Letters: 07/08

PLBs and ELTs

Your report on ELTs, PLBs and the SPOT was useful. But I think you didnt give SPOT a fair assessment. Allow me to augment what you printed on the subject.

SPOT does not rely on the unit surviving and operating correctly after an accident in order to summon help. I was heavily involved in the search for Steve Fossett and I couldnt figure out why his ELT had not led us to him.

From Web research, I soon discovered that ELTs get destroyed, drowned, detach their antenna or battery, or arent working even before the crash. If Steve had a SPOT on board, it would have tracked him to the scene of the accident, with a recorded trace readily available. It would have summoned help instantly if he was physically able to press the button. Even if he couldnt do that, the alarm would have been sounded within the hour of his being overdue.

isn’t it nice that even a suspicion of trouble can lead to investigation of the bread crumbs without the implications of invoking emergency services? The point is that SPOT seems to offer far more functionality than either ELTs or PLBs.

The offer of a free SPOT for people attending Oshkosh this year-you still pay for the subscription service-probably wasnt announced when you went to press. Even without that, the SPOT seems like a winning concept and a major step forward in safety. The subscription of about $150 a year seems like a bargain. Oh, and no FAA equipment certification involved. I must have died and gone to heaven.

Jim Herd
Gardnerville, Nevada

I beat myself up on the 406 MHz ELT subject last year when I purchased a new American Champion Aircraft. I opted for an Artex 406 MHz ($1449 installed) rather than the 121.5 MHz ($575 installed).

ACA didnt offer the 406 at first, but both are now offered as options in the Champ. My point is that the cost of a 406 MHz is not totally in the stratosphere as you implied in the article. Compare a PLB from the article at $600 to $900 with the installed Artex at $1449 and it isn’t that bad-especially if you have to purchase an ELT anyway.

SPOT (Satellite Personal Tracker)

I strongly recommend that folks look at the 406 MHz if you need an ELT. It just does not make sense to pay money for a 121.5. Replacement of a working ELT? Harder question. I am keeping the 121.5MHz ELT in my Maule for now, but I am getting tired of $60 batteries every other year. Its on the list for replacement.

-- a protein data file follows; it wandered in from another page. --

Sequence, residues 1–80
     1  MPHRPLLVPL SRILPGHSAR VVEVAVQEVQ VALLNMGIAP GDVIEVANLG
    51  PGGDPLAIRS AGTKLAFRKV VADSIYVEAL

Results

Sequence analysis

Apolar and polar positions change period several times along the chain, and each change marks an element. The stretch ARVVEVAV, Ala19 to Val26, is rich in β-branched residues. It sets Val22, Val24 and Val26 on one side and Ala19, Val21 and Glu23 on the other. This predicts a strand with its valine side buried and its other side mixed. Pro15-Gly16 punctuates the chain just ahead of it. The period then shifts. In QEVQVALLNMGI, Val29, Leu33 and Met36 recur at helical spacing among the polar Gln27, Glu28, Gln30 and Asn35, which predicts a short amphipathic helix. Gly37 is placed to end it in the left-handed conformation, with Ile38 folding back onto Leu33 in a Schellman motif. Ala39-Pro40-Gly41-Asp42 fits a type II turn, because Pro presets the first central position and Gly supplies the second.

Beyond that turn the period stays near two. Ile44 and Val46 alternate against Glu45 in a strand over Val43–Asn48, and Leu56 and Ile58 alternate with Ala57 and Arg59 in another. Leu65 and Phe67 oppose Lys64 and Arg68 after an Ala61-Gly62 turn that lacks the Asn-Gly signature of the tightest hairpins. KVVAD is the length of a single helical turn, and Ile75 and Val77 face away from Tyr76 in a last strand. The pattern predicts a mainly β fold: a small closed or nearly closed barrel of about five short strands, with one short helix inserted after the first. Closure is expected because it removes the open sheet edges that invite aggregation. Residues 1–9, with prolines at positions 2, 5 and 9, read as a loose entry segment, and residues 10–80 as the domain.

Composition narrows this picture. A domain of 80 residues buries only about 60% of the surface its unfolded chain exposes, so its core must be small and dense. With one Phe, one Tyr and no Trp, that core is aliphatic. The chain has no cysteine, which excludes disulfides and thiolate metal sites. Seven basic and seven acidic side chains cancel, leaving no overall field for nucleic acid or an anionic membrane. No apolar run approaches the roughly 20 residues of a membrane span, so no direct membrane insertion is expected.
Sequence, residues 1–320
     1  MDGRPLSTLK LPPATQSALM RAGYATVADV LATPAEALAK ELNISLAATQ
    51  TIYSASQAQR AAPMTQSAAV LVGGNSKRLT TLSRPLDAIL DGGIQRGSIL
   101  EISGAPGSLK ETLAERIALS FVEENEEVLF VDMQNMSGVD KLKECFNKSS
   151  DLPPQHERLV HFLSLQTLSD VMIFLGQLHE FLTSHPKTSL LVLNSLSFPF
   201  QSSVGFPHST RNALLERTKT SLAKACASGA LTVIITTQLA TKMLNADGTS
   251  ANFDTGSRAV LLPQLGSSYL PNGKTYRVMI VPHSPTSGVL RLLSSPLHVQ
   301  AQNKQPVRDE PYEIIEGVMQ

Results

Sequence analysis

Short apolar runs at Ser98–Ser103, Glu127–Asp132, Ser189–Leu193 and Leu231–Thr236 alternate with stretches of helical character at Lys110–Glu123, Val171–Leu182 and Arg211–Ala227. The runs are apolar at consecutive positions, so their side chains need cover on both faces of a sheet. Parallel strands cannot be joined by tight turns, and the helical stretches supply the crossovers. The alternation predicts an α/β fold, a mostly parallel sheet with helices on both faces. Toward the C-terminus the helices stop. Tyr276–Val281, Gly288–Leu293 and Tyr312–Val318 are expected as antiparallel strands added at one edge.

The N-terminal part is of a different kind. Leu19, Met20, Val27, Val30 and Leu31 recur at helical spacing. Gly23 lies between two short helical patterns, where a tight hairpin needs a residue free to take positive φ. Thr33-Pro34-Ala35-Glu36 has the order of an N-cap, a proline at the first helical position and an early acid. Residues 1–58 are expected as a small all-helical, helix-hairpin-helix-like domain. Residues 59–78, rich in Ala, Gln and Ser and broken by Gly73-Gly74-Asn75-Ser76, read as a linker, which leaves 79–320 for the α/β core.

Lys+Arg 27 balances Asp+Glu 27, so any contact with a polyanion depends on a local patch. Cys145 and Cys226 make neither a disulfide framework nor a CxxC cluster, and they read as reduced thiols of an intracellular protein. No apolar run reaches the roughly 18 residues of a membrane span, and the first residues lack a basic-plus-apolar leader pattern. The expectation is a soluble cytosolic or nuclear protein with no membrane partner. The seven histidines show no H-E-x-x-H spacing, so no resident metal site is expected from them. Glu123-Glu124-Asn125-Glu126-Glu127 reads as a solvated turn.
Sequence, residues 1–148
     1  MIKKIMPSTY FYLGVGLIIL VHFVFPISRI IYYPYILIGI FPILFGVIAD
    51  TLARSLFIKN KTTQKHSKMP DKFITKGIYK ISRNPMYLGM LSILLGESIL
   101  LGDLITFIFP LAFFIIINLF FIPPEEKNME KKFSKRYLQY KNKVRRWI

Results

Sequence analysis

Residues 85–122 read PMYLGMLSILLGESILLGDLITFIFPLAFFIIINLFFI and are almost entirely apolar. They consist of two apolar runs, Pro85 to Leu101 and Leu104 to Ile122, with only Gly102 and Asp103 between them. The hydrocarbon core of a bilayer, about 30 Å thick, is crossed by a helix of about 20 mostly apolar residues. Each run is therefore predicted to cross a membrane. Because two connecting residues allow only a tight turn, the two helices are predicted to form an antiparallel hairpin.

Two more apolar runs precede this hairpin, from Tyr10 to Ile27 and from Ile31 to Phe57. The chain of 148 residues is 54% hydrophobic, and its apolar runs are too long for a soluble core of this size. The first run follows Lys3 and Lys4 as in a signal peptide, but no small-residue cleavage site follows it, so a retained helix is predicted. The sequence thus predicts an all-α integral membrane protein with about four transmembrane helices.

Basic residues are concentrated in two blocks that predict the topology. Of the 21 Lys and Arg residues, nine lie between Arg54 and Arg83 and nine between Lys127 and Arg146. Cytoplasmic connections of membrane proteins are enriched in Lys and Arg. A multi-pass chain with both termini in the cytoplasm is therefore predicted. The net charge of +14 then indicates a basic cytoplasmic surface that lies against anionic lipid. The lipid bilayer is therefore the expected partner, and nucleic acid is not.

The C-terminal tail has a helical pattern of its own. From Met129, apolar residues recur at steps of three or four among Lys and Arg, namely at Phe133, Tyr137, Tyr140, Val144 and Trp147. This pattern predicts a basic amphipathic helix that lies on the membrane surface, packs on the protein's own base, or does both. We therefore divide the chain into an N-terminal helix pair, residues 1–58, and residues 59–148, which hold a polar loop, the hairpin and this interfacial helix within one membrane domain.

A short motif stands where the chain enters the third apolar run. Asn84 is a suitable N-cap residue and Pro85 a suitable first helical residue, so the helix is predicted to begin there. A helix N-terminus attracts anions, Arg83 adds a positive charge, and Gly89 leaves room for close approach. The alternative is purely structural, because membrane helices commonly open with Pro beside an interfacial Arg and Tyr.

Vince Massimini
Kentmorr Airpark, Maryland

Diesel Dreams

Youre living in a dream world if you think Jet A is cheaper than avgas. At my home base, Jet A is a dollar a gallon more than 100LL. Include that in your analysis. As more light jets hit the skies, Jet A is will get more expensive, not less.

Jet A weighs 6.84 pounds per gallon. OK, lets just say that the diesel gets better gas mileage, say .38 BSFC vs .42 BSFC. That isn’t enough to offset the loss in either useful load or in range if you give up fuel load. For a GA airplane with a 50-gallon fuel capacity, that is 300 pounds of avgas or 342 pounds of Jet A.

For your 500-mile comparison, rather than comparing the diesel to the gas version DA40, lets look at my 1978 Grumman-American Tiger for instance. If you were referring to 500 nautical miles, at 128 knots, I burn 7.5 GPH. When I fill up, my 29.25 gallons, its going to cost me $155 compared to your $143 to fill up on Jet-A at current prices. Pretty close comparison, so fuel wont save you much money.

So, it really comes down to maintenance costs. Oh, wait, there is no comparison. Even if I do a top overhaul halfway to TBO and replace the mags and vacuum pump twice, my operating costs through TBO will be less. Ive been listening to the argument for Jet A diesels for a long time. If the FAA would allow 10-to-1 or 11-to-1 compression ratios (LyCon is working on an STC for 10-to-1 pistons for Continental engines), fuel injected avgas engines with sequential port fuel injection can easily get to .38 BSFC. You will never see massive avgas to diesel conversions for existing GA aircraft. Youll never see the demise of 100LL, either.

Gary Vogt
Auburn, California

If youve been listening to arguments about Jet A piston engines, you must not have been paying attention. The point is fuel availability and less about economy. We thought we made that point clearly in the article. Diesels are world engines, not U.S. engines.

Even at the fuel prices you posit, there’s an $8000 fuel savings for the diesel over the engines lifecycle-at U.S. prices. (In the U.S., the avgas engine is still cheaper, however, due to its high buy-in cost. But only since the Thielert meltdown. Second-gen diesels may address this.)

At European prices, where Jet A is much cheaper than avgas, the equation is dramatically in favor of the diesel, even with its higher buy-in and maintenance cost. Remember, this is mostly about fuel availability, not economy. Avgas will never go away? Hold that thought.